This is HUGELY more engaging than the typical boring, generic text based connection requests which people on LinkedIn are routinely spammed with.
It’s essential that you don’t take a “mass broadcast” approach to LinkedIn lead gathering. That will almost certainly fail. Not only will your connection requests mostly get ignored but it runs the risk of having your account flagged by LinkedIn admins. In any case, you can send no more than 100 connection requests per week, and to be safe, you are probably best to keep it at a maximum of 80. You are allowed 30,000 connections in total although if you have Creator Mode enabled (see below) you can attract “Followers” who don’t count toward that limit.
LinkedIn marketing, at its best, is a guerrilla marketing approach that can take time. But it’s better to spend the effort crafting 10 custom messages that might actually get a response, than to send 100 messages that end up in the “deleted” pile. Since it will require an investment of your time, build your list wisely (refer to the Money Matrix I mentioned earlier).
Watch the following video for a demonstration of how to use the Site:LinkedIn Google Hack.
What Comes Next?
Making a connection request is the first step.
But, just like the title of that famous song by The Carpenters, we’ve only just begun.
Isaac Anderson says that the two biggest mistakes LinkedIn prospectors make are:
- Assuming everyone on their list is a qualified customer
- Assuming that every qualified customer is “ready” to buy
There is no way of knowing either of those things until you start a conversation.
Anderson recommends the QUAD strategy.
– QUestion: Ask your new connection how they use English in their lives and what challenges they face.
– Answer: Listen and take note of what they respond with.
– Discussion: Start a dialogue with your prospective student about the information they provide.
Maybe they are ready to become your student right now, or maybe not.
Maybe they will become a student in the near future.
Maybe they can recommend you to someone who is looking for your niche language training services.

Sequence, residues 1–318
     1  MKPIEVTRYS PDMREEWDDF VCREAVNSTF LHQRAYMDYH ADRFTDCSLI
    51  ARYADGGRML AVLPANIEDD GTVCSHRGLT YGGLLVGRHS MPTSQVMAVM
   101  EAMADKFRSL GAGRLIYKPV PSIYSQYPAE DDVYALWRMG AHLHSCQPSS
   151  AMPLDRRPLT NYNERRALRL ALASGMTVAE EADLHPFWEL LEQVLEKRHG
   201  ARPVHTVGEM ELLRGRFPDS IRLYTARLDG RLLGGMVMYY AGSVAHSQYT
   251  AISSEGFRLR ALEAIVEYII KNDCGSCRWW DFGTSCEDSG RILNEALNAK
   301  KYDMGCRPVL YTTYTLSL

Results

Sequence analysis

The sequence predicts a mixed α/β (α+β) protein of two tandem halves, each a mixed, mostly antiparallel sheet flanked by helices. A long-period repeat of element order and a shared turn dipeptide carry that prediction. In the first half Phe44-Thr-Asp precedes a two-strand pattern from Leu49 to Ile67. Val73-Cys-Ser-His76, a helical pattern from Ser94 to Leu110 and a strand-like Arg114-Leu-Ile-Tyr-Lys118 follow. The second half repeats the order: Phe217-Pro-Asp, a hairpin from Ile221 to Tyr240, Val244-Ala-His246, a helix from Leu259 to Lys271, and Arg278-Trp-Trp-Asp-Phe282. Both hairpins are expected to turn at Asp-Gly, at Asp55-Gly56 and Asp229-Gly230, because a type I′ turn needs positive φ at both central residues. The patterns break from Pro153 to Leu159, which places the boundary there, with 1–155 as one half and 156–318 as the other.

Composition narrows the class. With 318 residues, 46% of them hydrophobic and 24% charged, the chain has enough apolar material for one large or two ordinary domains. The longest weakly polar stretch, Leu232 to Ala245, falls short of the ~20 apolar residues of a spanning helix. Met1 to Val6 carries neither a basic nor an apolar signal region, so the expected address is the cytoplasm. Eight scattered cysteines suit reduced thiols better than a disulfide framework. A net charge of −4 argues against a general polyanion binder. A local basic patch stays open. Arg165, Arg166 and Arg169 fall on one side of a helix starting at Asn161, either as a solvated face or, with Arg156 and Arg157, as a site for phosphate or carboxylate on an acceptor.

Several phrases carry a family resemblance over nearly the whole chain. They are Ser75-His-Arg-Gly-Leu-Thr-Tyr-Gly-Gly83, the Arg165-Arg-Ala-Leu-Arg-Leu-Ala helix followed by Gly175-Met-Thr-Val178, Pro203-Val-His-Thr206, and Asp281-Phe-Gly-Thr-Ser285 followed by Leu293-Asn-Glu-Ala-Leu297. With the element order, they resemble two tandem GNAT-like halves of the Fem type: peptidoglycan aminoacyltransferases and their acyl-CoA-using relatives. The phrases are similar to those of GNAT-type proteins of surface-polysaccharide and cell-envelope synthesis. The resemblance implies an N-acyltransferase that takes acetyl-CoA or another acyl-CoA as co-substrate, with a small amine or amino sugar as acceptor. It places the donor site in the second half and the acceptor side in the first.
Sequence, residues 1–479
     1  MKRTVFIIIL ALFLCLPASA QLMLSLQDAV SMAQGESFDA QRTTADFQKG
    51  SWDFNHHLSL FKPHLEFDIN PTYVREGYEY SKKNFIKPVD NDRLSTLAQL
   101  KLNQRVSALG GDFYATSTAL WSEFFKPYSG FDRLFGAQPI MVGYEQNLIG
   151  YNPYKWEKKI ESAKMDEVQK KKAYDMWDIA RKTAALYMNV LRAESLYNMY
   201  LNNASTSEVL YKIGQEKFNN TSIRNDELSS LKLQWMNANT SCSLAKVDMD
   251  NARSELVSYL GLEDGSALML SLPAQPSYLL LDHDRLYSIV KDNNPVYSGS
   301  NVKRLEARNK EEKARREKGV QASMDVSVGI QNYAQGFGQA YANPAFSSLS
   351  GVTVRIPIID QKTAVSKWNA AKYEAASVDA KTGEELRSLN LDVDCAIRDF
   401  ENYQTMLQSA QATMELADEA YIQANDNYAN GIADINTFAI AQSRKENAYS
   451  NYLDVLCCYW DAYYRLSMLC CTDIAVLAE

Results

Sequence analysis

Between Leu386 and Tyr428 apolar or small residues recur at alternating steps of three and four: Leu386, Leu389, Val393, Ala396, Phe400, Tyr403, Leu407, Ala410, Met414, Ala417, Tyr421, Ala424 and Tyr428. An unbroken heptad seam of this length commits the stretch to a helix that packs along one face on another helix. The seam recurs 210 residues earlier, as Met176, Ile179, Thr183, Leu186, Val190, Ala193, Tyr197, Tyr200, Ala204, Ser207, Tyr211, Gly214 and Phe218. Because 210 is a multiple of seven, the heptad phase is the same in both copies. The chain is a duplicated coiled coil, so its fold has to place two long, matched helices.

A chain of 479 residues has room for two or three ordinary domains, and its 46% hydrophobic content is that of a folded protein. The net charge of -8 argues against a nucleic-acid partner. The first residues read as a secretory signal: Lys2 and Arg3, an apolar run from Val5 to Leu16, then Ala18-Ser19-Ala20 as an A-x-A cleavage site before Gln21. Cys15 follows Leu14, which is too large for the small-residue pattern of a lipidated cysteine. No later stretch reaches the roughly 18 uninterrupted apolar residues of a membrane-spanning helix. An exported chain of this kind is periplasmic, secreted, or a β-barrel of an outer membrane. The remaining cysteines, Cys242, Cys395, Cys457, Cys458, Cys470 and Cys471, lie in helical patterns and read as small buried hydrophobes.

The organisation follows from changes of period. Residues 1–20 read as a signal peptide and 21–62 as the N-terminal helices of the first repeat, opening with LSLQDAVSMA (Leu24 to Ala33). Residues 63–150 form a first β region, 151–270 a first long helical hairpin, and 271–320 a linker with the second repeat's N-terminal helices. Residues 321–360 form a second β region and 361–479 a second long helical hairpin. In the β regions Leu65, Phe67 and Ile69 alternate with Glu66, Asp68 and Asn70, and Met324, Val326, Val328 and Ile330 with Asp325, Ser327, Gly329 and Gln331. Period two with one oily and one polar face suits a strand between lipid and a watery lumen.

You won’t know any of these things until you build a rapport.
Building a dialogue is how you get ESL students for your business.
Nobody likes a pushy salesperson and there is no quicker way to get yourself “blocked” than by continuously pitching products and services to people who aren’t interested.
Remember. You approached them. Not the other way around. Be respectful of that dynamic.
If (and when) they ARE interested they will most likely let you know.
Group Therapy Time
LinkedIn also has groups, which offers an additional way to get ESL students in your niche. For example, if your specialty is offering English training to non-English speaking dentists who want to attend international conferences, start by looking for LinkedIn groups that are related to that niche. I suggest you join as many as you can that you think are relevant.
When you submit posts or articles you can choose who sees that content e.g. “Anyone”, “Connections Only” or “Group Members”. Creating focused content and broadcasting specifically to the right groups is a sure way of raising awareness that you would like to get ESL students.
To discover relevant groups, use the LinkedIn search tools. Unfortunately there doesn’t seem to be a way to filter groups by a language or location filter.
You can find the groups you belong to by clicking on the ‘Work’ grid on your Navigation bar.